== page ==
I could solve this by having separate reflex and camber flight modes maintaining full span ailerons throughout.

Thoughts .... All comments welcome
Dec 02, 2017, 01:14 AM
Registered User
IMHO crow has its use and its for steeper descents on a narrow ridge or even down a slope where its not flat. Use it like brakes on a race car brake hard before turns and off while turning. I tend to use it more than others and I also tend to land better than most. Better to use flaps on longer flat areas.
Dec 05, 2017, 07:43 PM
Registered User

She Flies ....

Just a brief update, finally managed to maiden my new plane. Decided to keep the setup as simple as possible....

Three flight modes
1. Full span with reflex - fixed
2. Full span with camber - fixed
3. Full span in neutral - uncoupled as flaps descend - outboard ailerons

Only got one flight in and landed without engaging the flaps. My elevator compensation was way off, sending me into a very steep dive so it seemed safer to bring it in the old way.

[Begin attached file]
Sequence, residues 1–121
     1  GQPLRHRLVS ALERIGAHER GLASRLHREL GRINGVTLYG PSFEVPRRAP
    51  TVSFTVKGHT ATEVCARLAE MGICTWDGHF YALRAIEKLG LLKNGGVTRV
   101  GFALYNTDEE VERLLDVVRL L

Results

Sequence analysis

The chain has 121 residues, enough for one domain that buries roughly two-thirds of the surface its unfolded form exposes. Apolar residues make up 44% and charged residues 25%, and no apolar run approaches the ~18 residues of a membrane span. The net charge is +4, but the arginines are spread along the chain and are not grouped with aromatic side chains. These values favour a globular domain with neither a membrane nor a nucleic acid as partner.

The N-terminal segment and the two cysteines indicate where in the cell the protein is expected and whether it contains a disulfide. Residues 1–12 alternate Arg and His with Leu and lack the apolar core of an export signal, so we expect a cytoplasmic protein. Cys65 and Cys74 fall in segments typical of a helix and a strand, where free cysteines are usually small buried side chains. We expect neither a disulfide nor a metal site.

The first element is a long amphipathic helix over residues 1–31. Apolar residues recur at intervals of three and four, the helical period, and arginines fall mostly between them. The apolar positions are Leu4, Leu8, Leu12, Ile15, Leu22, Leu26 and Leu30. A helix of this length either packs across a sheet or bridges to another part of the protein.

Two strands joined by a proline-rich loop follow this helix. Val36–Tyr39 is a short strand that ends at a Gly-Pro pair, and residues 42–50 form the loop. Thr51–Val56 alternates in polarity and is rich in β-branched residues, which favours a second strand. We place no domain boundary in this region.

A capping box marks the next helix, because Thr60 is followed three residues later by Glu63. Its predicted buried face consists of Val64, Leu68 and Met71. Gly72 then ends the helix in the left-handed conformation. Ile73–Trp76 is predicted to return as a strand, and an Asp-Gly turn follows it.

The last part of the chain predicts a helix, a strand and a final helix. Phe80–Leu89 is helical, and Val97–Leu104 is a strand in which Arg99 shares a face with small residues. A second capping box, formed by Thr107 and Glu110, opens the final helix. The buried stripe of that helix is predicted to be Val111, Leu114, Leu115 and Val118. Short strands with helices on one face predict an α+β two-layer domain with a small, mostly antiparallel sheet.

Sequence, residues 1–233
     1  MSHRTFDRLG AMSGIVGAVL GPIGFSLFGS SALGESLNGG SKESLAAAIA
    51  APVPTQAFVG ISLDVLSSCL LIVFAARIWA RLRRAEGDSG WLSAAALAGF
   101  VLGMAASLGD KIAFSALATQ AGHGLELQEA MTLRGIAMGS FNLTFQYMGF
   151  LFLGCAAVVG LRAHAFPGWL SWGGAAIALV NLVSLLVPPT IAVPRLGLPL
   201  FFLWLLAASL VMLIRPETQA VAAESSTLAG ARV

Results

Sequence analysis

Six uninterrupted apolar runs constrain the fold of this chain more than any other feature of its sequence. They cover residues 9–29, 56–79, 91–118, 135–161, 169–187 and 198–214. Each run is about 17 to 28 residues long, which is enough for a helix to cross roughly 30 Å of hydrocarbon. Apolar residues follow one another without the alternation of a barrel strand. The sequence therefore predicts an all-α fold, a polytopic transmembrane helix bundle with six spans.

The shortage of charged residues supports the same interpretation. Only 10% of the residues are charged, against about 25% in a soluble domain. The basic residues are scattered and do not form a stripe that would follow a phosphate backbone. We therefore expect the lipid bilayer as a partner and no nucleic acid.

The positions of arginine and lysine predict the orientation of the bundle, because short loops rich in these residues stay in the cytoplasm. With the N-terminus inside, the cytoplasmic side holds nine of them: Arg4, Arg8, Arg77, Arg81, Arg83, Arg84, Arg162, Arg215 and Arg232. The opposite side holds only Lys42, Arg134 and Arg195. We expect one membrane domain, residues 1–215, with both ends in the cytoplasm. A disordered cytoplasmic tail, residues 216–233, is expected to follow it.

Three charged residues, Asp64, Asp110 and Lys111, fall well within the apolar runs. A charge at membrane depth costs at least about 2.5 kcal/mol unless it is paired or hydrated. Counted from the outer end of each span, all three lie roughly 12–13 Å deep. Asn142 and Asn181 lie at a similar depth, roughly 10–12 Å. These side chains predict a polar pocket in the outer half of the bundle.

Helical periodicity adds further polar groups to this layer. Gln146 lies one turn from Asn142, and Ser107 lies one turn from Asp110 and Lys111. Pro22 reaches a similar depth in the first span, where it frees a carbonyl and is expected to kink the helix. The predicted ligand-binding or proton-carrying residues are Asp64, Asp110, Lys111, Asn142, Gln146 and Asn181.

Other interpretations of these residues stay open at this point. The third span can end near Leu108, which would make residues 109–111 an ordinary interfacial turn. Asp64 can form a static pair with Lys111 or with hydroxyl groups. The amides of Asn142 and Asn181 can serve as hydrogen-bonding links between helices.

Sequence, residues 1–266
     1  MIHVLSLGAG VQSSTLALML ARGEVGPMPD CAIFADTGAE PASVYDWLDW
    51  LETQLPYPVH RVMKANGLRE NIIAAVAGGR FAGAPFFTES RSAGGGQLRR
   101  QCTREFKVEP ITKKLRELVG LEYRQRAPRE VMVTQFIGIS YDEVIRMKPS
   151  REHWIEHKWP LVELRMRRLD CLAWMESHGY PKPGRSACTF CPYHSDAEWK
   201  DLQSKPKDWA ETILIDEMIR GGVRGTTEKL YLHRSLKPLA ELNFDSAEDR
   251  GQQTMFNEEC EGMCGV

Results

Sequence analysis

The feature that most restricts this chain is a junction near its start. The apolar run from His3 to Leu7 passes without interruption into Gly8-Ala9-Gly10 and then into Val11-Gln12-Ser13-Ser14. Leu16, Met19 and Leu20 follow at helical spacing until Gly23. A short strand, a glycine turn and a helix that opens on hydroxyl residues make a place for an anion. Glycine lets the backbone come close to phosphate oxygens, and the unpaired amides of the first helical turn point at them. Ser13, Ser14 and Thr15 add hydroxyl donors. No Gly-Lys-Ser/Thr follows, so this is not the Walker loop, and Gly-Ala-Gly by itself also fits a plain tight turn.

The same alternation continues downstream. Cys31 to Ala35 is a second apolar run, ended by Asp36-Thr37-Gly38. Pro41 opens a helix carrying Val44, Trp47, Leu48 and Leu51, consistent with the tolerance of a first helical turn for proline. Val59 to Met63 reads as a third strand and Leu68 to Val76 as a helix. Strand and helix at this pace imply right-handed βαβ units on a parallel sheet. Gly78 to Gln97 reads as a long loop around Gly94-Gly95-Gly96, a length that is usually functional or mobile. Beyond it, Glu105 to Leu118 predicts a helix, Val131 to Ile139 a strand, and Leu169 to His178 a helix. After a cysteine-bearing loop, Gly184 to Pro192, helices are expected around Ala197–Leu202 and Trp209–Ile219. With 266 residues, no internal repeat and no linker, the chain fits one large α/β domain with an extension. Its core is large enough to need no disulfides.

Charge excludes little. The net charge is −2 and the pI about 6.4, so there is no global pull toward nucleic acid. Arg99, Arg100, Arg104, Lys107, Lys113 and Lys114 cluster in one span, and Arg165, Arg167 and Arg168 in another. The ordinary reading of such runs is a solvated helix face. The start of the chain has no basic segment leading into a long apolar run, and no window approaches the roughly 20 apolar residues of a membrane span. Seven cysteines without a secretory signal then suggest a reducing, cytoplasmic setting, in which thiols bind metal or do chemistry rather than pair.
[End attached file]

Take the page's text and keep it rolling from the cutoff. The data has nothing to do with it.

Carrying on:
It's my best flyer yet and I'm looking forward to tossing her again this weekend with adjusted elevator comp ....

Some video
Albatross Maiden flight (1 min 40 sec)

Dec 06, 2017, 02:00 PM
Registered User
I just suggest you make sure you still keep some aileron control while applying full crow: test aileron effectiveness with crow at height.
In those tricky slope landings with lots of turbulence not enough aileron control can be disastrous.
Dec 07, 2017, 06:14 PM
Registered User
Thanks for the suggestion to check my aileron authority with flaps deployed, it didn't even cross my mind. I just dropped them, went into a dive, retracted them, recovered and went back to flying. I have no idea how she handles flaps down. As Curdman suggested earlier, there's a learning curve out there to be explored and enjoyed.

I might consider landing on high rates if maneuverability seems compromised. Would it be worthwhile exploring the possibility of a mix that overrides my rate switch on flap deployment ...just a thought. Probably wait for the results from my next flight before working myself into a lather over the unknown.